What are the biggest future trends you’re seeing emerging among your bakery and cereal maker customers?
Health and wellbeing are still key trends within both bakery and cereal products. Digestive and heart health remain key but since Covid-19 consumers are now looking for foods that will help boost immunity and are rich in vitamins, minerals and antioxidants.
Foods that have mental and spiritual benefits are also increasing in importance. Covid-19 has made people more conscious about what they are consuming. Transparency through the food chain from field to fork is going to be particularly important. Clean and clear labels with ingredients that are easily recognised will help give confidence in products. Plant based foods will also continue to grow with consumers seeing these not just as a healthy contribution to their diet but also a more sustainable source of nutrients.
An increasing number of consumers are turning to the nutritional powerhouses of seeds and grains. Which lesser known varieties do you think will be the next big market trends?
Consumers are becoming more aware of the nutritional benefits of seeds and grains, whether it be through their contribution to fibre, protein, healthy unsaturated fats, vitamins or minerals in the diet. Some of the lesser known grains that we are seeing emerge are Fonio, Teff and Sorghum, but it’s key that these grains can be obtained from ethical, sustainable food grade sources, which can have an impact on initial availability.
Sprouted grains are also increasing in popularity as they are natural, nutritious and healthy. Evidence suggests that sprouted grains are nutritionally superior as the sprouting process releases more of the nutrients from the grains. Although it’s well known that oats contain the soluble fibre Beta-Glucan, with health benefits linked to heart and digestive health, fewer consumers know that barley is also a source of Beta-Glucan. Waxy barley varieties can be used to produce flours with high Beta-Glucan levels, which could bring barley on trend when it comes to health and familiarity among consumers.
In terms of what’s new in seeds, the latest interest we are seeing in baked good is around Hemp seeds, Black Sesame seeds and Watermelon seeds.
There are fears that, from 2021, the UK will be facing food shortages. Can domestic yields of British cereals feed the nation?
This is not just about looking at the total harvest volume, it’s also about the quality of the harvest.
Wheat production has dropped by 38% in 2020. The immediate effect of this will be a lower volume available for export, and it is predicted that there will be very little wheat exports in the 2020/21 season. However, because of poorer quality wheat, it is expected that imports of wheat for milling flour will double in 2020/21.
In contrast, a strong 2019 barley harvest has been improved upon in 2020, so there is plenty of grain available to feed the nation. It is forecast that barely exports - Brexit tariffs permitting - will be at circa 25% of the total barley harvested.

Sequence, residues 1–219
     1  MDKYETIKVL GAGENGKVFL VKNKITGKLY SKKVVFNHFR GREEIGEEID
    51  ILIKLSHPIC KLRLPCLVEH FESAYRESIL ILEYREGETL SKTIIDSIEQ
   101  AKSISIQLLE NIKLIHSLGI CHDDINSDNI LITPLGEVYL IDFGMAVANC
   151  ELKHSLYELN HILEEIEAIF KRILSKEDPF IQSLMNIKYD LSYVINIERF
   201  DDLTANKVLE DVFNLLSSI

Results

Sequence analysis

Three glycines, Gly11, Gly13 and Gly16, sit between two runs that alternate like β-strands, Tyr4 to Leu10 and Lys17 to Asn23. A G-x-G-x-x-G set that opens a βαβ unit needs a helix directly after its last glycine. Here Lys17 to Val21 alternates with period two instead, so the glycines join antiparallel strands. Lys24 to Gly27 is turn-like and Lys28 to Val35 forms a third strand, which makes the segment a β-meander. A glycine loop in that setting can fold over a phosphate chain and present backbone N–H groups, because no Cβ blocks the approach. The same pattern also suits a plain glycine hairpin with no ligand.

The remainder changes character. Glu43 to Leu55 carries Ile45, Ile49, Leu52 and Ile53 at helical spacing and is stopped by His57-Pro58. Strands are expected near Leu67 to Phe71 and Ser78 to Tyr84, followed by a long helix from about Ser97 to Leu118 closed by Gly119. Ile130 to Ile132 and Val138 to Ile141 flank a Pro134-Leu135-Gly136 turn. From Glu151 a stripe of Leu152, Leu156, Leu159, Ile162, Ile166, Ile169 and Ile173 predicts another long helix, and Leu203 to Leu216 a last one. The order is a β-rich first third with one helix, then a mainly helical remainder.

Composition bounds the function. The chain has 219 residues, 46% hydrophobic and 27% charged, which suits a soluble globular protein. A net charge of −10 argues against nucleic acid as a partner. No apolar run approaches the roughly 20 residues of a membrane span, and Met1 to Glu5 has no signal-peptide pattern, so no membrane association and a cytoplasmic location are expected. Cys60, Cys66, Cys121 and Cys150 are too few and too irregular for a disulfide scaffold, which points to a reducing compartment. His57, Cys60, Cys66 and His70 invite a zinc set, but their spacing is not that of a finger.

Moreover, are there any flours, grain and seeds that might experience shortages in post-Brexit Britain?
In the short term, there could be some shortages. This won’t be due to harvest volumes, but because of Brexit. As things stand, we don’t know what delays we may see for goods coming into the country as supply chains, already stretched by COVID, must contend with the additional burden of custom documentation and procedures.
Despite the impact of adverse weather conditions, the barely market looks set to grow in 2021. What’s driving this growth?
With both Brexit and COVID, it’s not yet 100% clear how 2021 will pan out.
Harvest volumes are up, but if tariffs are imposed export volumes will drop and farmers will look to offload more grain into the domestic market. COVID has impacted large parts of the hospitality sector, which has seen a drop in demand for barley from maltsters.
A poor wheat harvest has seen an increased demand for barley from animal feed producers, and the pressures from Brexit and COVID have favoured barley pricing, with the price differential to wheat bigger than normal.
What is clear, however, is that while trends come and go, barley has flown relatively under the radar. It has many nutritional benefits, and is often overlooked as a cost-effective alternative to other grains.
The insoluble and soluble fibres in barley help transport food through the digestive system, and the soluble fibres are a pre-biotic, promoting the growth of healthy bacteria in the gut. Barley is also a rich source of the soluble fibre, Beta Glucan, which has been shown to reduce blood cholesterol, a risk factor in the development of coronary heart disease, when at least 3g a day is consumed.
In its wholegrain form, barley is high in fibre, and swapping oats for barley in breakfast cereals can help increase fibre content, reduce fat and reduce cost. A super food, and maybe in 2021 more than ever, without the super price tag.
This article originally appearred in the January 2021 issue of Food & Drink International.